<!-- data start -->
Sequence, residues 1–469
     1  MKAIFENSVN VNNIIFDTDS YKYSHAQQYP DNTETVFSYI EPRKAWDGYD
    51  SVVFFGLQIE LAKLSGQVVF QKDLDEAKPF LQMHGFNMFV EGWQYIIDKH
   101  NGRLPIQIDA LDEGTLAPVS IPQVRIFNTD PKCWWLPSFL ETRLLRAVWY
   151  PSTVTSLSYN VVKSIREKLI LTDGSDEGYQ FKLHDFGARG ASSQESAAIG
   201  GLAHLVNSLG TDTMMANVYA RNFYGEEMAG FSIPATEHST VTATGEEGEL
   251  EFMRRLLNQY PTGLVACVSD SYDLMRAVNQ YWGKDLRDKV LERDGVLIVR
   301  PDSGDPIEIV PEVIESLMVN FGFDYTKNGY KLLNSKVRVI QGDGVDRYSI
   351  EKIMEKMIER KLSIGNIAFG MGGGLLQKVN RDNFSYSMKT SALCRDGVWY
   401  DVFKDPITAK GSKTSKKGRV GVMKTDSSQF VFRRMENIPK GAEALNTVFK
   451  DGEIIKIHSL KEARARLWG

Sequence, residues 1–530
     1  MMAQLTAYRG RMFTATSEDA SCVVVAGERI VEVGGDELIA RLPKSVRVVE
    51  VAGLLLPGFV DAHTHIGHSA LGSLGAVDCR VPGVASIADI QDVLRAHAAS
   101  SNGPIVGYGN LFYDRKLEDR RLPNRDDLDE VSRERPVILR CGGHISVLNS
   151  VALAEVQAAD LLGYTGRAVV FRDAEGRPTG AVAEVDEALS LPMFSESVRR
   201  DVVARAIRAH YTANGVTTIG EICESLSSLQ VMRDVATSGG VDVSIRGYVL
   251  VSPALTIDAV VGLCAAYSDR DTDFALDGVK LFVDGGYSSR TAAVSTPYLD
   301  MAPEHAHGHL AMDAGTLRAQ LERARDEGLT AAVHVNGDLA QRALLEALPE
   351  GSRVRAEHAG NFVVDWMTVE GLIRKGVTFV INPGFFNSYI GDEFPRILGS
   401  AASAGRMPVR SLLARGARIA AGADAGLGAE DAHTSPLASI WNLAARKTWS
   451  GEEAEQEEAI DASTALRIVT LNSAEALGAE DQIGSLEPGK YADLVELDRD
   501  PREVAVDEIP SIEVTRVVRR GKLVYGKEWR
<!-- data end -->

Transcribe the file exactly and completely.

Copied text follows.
Sequence, residues 1–469
     1  MKAIFENSVN VNNIIFDTDS YKYSHAQQYP DNTETVFSYI EPRKAWDGYD
    51  SVVFFGLQIE LAKLSGQVVF QKDLDEAKPF LQMHGFNMFV EGWQYIIDKH
   101  NGRLPIQIDA LDEGTLAPVS IPQVRIFNTD PKCWWLPSFL ETRLLRAVWY
   151  PSTVTSLSYN VVKSIREKLI LTDGSDEGYQ FKLHDFGARG ASSQESAAIG
   201  GLAHLVNSLG TDTMMANVYA RNFYGEEMAG FSIPATEHST VTATGEEGEL
   251  EFMRRLLNQY PTGLVACVSD SYDLMRAVNQ YWGKDLRDKV LERDGVLIVR
   301  PDSGDPIEIV PEVIESLMVN FGFDYTKNGY KLLNSKVRVI QGDGVDRYSI
   351  EKIMEKMIER KLSIGNIAFG MGGGLLQKVN RDNFSYSMKT SALCRDGVWY
   401  DVFKDPITAK GSKTSKKGRV GVMKTDSSQF VFRRMENIPK GAEALNTVFK
   451  DGEIIKIHSL KEARARLWG

Sequence, residues 1–530
     1  MMAQLTAYRG RMFTATSEDA SCVVVAGERI VEVGGDELIA RLPKSVRVVE
    51  VAGLLLPGFV DAHTHIGHSA LGSLGAVDCR VPGVASIADI QDVLRAHAAS
   101  SNGPIVGYGN LFYDRKLEDR RLPNRDDLDE VSRERPVILR CGGHISVLNS
   151  VALAEVQAAD LLGYTGRAVV FRDAEGRPTG AVAEVDEALS LPMFSESVRR
   201  DVVARAIRAH YTANGVTTIG EICESLSSLQ VMRDVATSGG VDVSIRGYVL
   251  VSPALTIDAV VGLCAAYSDR DTDFALDGVK LFVDGGYSSR TAAVSTPYLD
   301  MAPEHAHGHL AMDAGTLRAQ LERARDEGLT AAVHVNGDLA QRALLEALPE
   351  GSRVRAEHAG NFVVDWMTVE GLIRKGVTFV INPGFFNSYI GDEFPRILGS
   401  AASAGRMPVR SLLARGARIA AGADAGLGAE DAHTSPLASI WNLAARKTWS
   451  GEEAEQEEAI DASTALRIVT LNSAEALGAE DQIGSLEPGK YADLVELDRD
   501  PREVAVDEIP SIEVTRVVRR GKLVYGKEWR